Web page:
The current business model of MPAA, RIAA and the likes can only be sustained at the cost of technological roadblock. Stop cultural exchange, prohibit any copying, kill the fair use, and censor all communications – that is the only way to continue this. Entertainment industry is hard at work to implement this cultural nightmare, and people like you are helping them.

    They were doing the same shit when first cassette recorders appeared. They did the same thing when we got first VCR’s. They also were not happy about CD and DVD burners. Every single time a new technology that allows for efficient copying and distribution of data appears, entertainment industry freaks out.

    They simply have to learn how to work p2p into their business model just like they did with all the other technologies. If they don’t they will just have to keep suing people, and chasing ghosts.

    People will just keep moving from network, to network, from protocol to protocol. They will use encryption, proxies, port redirection, tunneling and etc… 30 years from now we will still be sitting here and debating the same damn old thing.

    But fine, don’t listen to me. Don’t listen to any of us. Just keep signing your consumer rights away. Give up on fair use, and kill the public domain.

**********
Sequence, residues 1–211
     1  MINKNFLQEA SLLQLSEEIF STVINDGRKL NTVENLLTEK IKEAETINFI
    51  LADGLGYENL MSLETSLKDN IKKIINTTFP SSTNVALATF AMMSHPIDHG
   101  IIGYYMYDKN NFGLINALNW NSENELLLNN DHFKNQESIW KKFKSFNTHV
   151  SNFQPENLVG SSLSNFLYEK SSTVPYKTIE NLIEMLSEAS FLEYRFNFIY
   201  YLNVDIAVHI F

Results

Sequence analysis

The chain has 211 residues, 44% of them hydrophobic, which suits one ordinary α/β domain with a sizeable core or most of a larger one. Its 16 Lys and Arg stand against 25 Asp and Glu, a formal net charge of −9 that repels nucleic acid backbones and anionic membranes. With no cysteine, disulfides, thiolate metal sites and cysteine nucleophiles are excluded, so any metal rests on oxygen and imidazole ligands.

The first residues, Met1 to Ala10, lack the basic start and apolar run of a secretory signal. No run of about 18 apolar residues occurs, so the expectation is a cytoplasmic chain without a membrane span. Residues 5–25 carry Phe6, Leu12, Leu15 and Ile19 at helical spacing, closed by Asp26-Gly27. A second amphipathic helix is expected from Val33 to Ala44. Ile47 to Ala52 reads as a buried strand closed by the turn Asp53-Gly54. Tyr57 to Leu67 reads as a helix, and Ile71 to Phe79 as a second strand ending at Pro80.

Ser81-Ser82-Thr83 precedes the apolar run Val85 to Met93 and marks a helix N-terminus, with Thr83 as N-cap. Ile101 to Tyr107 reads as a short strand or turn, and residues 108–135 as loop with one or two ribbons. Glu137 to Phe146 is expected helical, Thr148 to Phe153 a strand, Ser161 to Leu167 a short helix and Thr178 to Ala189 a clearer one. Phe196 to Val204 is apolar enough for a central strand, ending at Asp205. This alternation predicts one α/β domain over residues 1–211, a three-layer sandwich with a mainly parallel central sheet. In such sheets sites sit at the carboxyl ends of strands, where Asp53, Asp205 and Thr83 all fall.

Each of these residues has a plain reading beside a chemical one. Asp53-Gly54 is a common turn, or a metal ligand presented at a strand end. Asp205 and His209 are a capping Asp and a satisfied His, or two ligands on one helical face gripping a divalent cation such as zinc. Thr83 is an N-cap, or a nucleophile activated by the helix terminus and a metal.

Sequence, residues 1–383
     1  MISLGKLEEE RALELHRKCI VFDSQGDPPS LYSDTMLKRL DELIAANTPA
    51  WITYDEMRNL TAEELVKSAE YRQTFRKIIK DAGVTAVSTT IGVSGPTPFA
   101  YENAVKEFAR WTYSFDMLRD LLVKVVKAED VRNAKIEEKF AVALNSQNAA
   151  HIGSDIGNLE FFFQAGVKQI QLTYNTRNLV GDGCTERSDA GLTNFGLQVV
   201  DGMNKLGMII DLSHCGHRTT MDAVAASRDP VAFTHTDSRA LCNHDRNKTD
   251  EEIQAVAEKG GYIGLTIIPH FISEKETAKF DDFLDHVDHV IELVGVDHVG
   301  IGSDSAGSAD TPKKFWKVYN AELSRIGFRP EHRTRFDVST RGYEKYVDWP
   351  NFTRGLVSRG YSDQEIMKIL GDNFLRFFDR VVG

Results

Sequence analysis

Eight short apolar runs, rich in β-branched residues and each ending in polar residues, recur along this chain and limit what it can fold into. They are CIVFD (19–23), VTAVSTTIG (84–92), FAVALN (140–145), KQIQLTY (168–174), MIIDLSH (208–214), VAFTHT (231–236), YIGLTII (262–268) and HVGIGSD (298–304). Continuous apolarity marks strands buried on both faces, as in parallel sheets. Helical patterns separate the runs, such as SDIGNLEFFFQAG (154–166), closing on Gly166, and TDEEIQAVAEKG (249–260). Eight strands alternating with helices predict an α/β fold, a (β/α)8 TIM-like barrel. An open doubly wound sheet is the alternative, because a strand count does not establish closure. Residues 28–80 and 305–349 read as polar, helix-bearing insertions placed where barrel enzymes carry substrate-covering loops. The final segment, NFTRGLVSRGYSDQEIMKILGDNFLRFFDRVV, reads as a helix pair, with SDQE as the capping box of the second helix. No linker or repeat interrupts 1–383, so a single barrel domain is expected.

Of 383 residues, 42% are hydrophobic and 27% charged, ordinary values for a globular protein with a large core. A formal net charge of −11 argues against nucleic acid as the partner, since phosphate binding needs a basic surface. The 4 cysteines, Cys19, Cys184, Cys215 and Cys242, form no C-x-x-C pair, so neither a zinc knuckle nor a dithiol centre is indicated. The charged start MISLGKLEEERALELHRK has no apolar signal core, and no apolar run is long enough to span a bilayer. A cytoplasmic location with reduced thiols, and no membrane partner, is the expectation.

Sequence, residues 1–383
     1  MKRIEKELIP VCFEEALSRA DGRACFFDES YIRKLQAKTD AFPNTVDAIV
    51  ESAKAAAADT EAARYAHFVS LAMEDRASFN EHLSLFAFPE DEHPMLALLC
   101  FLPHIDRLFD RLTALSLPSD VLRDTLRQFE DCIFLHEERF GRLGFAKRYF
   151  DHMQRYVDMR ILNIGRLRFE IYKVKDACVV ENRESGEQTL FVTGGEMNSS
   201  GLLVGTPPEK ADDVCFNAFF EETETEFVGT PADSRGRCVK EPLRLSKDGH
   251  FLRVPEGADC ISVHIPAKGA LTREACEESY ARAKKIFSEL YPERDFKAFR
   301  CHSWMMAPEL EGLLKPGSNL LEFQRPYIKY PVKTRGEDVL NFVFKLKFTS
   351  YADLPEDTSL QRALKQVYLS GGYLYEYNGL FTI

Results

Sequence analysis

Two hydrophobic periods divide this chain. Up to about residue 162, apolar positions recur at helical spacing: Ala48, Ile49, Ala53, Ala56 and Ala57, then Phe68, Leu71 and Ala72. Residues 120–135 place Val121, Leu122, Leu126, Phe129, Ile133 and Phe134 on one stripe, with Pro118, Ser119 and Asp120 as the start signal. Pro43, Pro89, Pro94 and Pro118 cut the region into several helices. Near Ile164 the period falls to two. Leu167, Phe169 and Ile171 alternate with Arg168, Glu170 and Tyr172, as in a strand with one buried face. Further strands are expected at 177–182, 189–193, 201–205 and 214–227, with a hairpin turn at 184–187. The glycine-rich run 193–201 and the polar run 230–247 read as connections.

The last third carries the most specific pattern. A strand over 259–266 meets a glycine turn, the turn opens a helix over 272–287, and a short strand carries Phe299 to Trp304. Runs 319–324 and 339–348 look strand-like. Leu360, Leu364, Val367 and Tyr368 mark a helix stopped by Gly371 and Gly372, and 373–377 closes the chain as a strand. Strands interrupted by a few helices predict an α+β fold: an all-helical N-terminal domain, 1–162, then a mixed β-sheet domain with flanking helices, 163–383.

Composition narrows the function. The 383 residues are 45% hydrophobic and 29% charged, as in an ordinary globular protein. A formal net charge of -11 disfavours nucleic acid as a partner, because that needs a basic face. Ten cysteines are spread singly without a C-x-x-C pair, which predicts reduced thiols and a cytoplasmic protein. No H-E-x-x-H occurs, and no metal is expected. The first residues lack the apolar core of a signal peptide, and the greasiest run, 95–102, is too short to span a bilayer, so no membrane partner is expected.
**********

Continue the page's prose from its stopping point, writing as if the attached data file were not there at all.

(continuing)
Good luck!

    The Real World™ is just a show on TV, and in case you didn’t know it is scripted and lame. Only on TV you get the clear distinction between good and evil. In reality, there are no absolutes. While laws should to be respected and followed they are not always right. They are arbitrary rules that are meant to be changed and amended over time.

    When copyright law was created, no one could foresee or predict the internet or file sharing. This set of rules is currently broke, and needs to be revised.

    However a very strong corporate group of lobbyists has a vested interest in keeping these archaic laws unchanged. And despite the popular belief, the people that care the most about these laws are not content creators, but the distributors.

    The internet makes their elaborate distribution channels and carefully built networks irrelevant. Content creators should and will be compensated. But fuck the MPAA and RIAA. I don’t care if they go out of business and perish.

    Talented people creating quality content will always be around, and we will build new systems of distributing their work that will include compensation, and reward schemes.

    But that probably won’t happen in my lifetime because people like you won’t let it happen. Sigh…

    I don’t want this to turn into an argument so I’ll just keep it at that. You can go ahead and post your rebuttal, but I’ll probably just sit that one out and let you have the last word – unless of course you post something really clever that would be worth responding to.

    If I don’t reply that means we have reached a point where you have not contributed anything new or meaningful to the conversation and there is just no point for me to reiterate what I already posted.